People are being warned by sparrow not to fall into the common trap of thinking that technology has made some effects that are never seen before. Offloading fact recall is not considered a new occurrence. Families and groups have actually done this for many years. Spouses who are always questioned about where the clean socks are kept, or a manager who keeps asking an admin where the next meeting will be, definitely know this. Such a phenomenon is known as transactive memory, and Sparrow thinks that technologies such as Google are serving a similar function.
Sparrow said, “Since the advent of search engines, we are reorganizing the way we remember things. Our brains rely on the Internet for memory in much the same way they rely on the memory of a friend, family member or co-worker.”
Offloading memory tasks are not considered dumb or lazy, they are actually more efficient. Genevieve Bell, an Australian anthropologist made such a case in The Independent way back.
She said, “Being able to create a well-formed question is an act of intelligence, as you quickly work out what information you want to extract and identify the app to help achieve this. To me, this suggests a level of engagement with the world that’s not about dumbness.” She also added, “This isn’t making consumers more dumb; instead, it’s helping them to think smarter.”
However, many scholars show expression of grief over the potential dimming of the part of human brains that manages fact recall. Science journalist Annie Murphy Paul and author of an upcoming book called brain development sites that it is not always practical pausing to look things up. And one of her favorites examples – learning a different language.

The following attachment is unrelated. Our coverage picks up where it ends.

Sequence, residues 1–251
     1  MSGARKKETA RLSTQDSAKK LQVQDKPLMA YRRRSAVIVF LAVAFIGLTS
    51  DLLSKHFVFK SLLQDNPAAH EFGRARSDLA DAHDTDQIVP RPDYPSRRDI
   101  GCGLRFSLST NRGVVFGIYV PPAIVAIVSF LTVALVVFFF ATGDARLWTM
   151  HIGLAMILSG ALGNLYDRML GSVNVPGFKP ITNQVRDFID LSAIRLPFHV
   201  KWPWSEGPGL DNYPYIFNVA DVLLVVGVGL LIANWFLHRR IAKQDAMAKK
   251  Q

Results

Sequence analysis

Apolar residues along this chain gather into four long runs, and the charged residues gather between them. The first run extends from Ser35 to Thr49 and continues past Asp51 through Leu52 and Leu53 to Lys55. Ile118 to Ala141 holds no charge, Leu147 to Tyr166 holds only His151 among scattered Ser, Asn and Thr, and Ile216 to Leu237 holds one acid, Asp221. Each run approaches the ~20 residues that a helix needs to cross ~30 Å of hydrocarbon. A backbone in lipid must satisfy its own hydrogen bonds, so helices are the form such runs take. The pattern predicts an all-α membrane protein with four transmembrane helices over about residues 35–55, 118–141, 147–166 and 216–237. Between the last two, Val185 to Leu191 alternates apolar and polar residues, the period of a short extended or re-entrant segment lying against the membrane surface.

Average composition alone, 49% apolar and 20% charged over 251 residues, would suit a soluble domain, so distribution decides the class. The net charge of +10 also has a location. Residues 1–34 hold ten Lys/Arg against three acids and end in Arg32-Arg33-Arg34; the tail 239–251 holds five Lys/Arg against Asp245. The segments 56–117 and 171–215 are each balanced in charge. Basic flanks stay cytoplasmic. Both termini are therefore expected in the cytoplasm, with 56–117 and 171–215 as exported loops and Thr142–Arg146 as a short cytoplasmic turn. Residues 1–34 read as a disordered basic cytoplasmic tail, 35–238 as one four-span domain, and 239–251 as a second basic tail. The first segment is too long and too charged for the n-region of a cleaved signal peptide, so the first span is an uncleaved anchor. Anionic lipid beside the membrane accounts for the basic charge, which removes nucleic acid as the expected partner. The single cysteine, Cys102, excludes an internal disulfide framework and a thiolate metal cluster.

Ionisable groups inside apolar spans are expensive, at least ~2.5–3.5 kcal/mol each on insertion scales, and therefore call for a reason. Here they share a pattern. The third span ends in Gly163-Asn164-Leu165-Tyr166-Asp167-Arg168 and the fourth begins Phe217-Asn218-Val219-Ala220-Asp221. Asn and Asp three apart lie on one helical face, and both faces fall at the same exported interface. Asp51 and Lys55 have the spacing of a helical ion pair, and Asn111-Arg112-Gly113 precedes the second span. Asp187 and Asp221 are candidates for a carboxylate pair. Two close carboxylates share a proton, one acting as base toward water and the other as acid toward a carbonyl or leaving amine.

Annie Murphy Paul said “The way I think of it is this: You could ‘speak’ a foreign language by looking up the translation of what you want to say, one word at a time. But you would in no sense be fluent in that language, and you’d probably get a whole bunch of things – syntax, shades of meaning – wrong.” She then added, “The same is true for Googling one fact at a time as you construct an argument. It just doesn’t work – you need to have a whole lot of stuff in your heads in order to put the pieces together and construct a fluent account.”
When you are writing down a memo or an essay, you might notice a pile of notes near you. But if you pause in every phrase because you want to look things up, you will never get things done, and you will end up having choppy writing. Your writing will be smoother if you have more stored facts in your head. As a side effect, you can make connections too and even offer new insights that can only come from a collision of facts.
To navigate digital amnesia, the best way is to let the computers perform what they do best – let’s say, for example, you don’t need to remember hundreds of email addresses of employees – but take note you need to refrain being tempted in offloading everything that your brain used to remember.
It could be very helpful to remember quarterly sales figures from several years back, you’ll never know that one day, and you’ll encounter new info that may serve as the last piece in your grand sales conundrum.
Paul also said, “We need to have lots of knowledge stored in our brains in order to think effectively.” This is one noteworthy advice that people should keep in mind.